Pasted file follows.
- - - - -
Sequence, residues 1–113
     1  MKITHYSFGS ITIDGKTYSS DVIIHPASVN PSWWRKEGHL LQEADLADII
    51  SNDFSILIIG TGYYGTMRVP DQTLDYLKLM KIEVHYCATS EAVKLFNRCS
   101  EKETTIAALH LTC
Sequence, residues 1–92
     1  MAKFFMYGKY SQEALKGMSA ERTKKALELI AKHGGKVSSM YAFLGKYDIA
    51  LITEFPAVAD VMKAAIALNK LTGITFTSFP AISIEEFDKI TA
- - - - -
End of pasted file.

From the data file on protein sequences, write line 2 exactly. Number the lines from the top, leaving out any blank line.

     1  MKITHYSFGS ITIDGKTYSS DVIIHPASVN PSWWRKEGHL LQEADLADII